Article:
Landscapes Beneath

With our feet firmly on the ground we can be confident we are in the landscape.  However in some cases where we stand the remains of older landscapes can be found beneath us.  These remains can be buried deep beneath sediments: perhaps sealed beneath wind blown sands, covered by soils which have moved down steep slopes, or hidden by silts carried in waters when rivers flood.

Fragments of other landscapes can also be found preserved beneath waters.  One example is where dams have raised water levels during the creation reservoirs and submerged landscapes and buildings.  During some hot summers, when the water levels recede, a strange landscape is temporarily revealed.

The stone of structures is eerily clean, like bleached bone on a beach…

But it is not long, with the rains of autumn, until the waters reclaim them !

Above Scotland’s Landscapes

Our perception of the world was radically altered when the first images of the green and blue planet were received from space.  Similarly, when we fly (if we are lucky enough to get a window seat !) the views of towns, fields, woodlands, coastlines and mountains reveal patterns we can never see with our feet on the ground.

A fantastic new exhibition Above Scotland has just started at The Lighthouse.  It has been produced jointly between The Royal Commission on the Ancient and Historical Monuments of Scotland and Architecture and Design Scotland and explores Scotland’s cultural landscapes from aerial photographic evidence.

The exhibition comprises a wide number of high quality aerial images which show the remarkable diversity and richness of Scotland’s landscapes.  The provision of large interactive magnifiers at each display panel not only gives a sense of viewing the landscape through a plane window but also allows you to explore in more detail the complexity of the landforms, monuments and vegetation from above.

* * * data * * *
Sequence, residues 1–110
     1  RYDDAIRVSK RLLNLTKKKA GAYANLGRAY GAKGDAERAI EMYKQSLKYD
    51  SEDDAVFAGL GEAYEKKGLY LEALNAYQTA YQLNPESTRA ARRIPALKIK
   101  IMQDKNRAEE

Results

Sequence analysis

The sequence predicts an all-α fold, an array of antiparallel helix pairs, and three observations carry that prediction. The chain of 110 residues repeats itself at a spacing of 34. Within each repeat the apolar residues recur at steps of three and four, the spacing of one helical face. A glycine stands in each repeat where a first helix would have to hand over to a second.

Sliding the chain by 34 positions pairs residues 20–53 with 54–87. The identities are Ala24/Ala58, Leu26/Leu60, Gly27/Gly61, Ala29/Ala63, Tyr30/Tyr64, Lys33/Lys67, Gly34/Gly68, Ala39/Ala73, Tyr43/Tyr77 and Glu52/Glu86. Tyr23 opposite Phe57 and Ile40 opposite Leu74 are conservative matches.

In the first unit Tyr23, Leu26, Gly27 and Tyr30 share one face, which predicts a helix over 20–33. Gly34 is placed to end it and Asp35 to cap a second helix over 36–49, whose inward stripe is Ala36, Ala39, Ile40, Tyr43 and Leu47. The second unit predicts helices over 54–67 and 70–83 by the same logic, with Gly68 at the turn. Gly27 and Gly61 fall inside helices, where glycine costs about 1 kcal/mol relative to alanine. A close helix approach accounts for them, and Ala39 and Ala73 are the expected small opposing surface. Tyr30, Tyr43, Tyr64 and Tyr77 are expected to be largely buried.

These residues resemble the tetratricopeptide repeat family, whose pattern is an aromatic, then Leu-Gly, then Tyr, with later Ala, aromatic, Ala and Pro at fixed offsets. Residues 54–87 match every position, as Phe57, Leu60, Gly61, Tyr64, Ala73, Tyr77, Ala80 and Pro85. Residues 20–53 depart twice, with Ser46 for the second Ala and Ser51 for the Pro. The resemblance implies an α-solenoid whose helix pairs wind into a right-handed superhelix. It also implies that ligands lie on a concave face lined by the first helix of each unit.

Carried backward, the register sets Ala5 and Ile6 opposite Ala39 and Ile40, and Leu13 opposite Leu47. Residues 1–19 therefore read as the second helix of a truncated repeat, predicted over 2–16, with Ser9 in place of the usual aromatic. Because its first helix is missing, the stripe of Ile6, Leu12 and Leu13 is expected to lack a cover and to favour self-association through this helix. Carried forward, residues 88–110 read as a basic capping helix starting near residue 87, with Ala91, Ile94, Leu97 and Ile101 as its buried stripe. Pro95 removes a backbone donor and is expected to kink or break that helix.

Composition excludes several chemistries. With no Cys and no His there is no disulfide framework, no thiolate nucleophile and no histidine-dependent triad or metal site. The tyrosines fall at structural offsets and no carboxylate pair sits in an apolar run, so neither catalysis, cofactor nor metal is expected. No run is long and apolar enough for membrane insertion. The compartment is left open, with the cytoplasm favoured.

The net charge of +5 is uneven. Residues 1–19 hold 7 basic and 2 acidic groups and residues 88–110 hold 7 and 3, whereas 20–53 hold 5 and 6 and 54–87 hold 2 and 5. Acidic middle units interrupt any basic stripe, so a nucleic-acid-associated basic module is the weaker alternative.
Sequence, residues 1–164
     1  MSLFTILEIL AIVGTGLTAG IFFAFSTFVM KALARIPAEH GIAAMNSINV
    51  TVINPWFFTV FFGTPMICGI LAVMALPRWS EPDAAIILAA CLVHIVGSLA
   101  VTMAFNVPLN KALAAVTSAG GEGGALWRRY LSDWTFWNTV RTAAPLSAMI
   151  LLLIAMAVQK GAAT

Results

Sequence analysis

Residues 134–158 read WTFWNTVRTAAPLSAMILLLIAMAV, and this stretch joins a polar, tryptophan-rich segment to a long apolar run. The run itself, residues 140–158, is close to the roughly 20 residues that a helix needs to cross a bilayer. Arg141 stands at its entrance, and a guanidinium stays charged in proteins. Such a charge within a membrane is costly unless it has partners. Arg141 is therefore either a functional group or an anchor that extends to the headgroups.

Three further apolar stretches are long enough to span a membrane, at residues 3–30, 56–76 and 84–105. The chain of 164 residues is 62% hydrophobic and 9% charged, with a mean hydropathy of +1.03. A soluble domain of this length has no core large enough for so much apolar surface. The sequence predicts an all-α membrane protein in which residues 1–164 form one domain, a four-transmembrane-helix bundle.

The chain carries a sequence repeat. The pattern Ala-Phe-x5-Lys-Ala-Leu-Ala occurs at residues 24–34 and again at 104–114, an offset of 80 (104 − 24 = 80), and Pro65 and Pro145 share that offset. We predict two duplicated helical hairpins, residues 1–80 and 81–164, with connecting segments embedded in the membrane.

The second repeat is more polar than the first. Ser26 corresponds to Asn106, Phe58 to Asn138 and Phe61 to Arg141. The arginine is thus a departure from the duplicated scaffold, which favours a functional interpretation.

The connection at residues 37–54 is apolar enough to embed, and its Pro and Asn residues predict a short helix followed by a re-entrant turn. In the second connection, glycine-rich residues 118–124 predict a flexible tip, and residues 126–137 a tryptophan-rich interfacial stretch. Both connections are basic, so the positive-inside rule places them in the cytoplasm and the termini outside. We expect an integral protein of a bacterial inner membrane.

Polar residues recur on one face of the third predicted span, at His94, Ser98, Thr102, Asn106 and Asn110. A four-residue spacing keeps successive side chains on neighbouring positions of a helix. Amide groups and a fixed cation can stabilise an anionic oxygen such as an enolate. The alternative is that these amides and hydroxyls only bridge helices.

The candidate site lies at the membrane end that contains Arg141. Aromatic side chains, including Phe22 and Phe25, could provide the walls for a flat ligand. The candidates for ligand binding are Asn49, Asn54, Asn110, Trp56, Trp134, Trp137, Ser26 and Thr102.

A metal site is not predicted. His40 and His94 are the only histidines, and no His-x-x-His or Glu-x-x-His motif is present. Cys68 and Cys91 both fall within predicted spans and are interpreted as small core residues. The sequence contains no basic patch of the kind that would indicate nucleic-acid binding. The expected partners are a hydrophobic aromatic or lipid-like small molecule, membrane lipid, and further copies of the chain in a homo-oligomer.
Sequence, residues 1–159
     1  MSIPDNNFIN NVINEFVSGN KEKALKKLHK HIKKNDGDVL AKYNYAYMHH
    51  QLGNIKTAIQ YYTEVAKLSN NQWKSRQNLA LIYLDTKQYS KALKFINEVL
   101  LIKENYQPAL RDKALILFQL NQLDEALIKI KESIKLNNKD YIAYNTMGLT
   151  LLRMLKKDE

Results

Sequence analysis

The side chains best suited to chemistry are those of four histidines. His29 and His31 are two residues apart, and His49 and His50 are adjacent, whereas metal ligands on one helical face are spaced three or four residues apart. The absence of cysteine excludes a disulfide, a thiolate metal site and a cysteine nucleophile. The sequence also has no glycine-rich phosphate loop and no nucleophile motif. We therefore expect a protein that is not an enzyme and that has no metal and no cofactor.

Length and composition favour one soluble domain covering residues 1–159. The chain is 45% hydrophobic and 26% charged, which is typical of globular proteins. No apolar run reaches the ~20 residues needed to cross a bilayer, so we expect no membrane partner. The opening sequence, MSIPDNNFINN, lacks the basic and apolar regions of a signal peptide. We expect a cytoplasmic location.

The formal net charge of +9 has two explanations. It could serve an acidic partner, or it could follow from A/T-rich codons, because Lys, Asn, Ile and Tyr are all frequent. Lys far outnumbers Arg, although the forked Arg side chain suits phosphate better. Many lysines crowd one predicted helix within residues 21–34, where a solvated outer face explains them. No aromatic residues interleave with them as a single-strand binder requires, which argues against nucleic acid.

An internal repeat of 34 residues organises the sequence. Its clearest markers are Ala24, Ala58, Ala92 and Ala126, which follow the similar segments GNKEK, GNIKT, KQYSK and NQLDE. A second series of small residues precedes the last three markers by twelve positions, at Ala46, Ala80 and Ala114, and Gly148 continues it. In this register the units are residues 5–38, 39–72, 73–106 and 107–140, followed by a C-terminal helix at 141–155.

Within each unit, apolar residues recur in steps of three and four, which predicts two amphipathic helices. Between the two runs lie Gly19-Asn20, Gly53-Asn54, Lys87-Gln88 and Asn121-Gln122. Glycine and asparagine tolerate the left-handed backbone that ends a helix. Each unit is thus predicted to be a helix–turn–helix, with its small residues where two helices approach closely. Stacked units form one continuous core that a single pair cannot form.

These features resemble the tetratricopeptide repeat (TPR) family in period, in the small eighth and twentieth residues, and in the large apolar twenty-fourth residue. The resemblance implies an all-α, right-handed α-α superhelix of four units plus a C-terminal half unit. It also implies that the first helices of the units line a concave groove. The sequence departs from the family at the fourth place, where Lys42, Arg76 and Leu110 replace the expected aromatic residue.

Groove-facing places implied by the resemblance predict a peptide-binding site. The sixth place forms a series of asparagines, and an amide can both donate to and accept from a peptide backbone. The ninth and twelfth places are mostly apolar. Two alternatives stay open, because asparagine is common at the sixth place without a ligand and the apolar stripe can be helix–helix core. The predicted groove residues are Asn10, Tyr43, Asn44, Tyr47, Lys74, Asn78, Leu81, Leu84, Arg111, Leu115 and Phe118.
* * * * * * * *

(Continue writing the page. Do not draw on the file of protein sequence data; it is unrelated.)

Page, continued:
As well as the panels, there are several engaging, and fun short films, produced as part of the project.  These show the responses of local school children to local places as captured through their own aerial photography.  The exhibition is also complemented by the publication of a new book Scotland’s Landscapes.

It runs from 26th October 2012 to 23 January 2013, so plenty of time to go and get a different perspective on Scotland’s Landscapes…!

 

Past Inspired Sculpture 3

Another great example of past inspired sculpture is located on the University of Strathclyde campus in Glasgow.  The sculpture ‘Callanish (Steel Henge)’ by Gerald Laing was erected in 1974.  It comprises 16 steel pieces each 16 high, arranged in form that evokes the layout of Callanish, Lewis.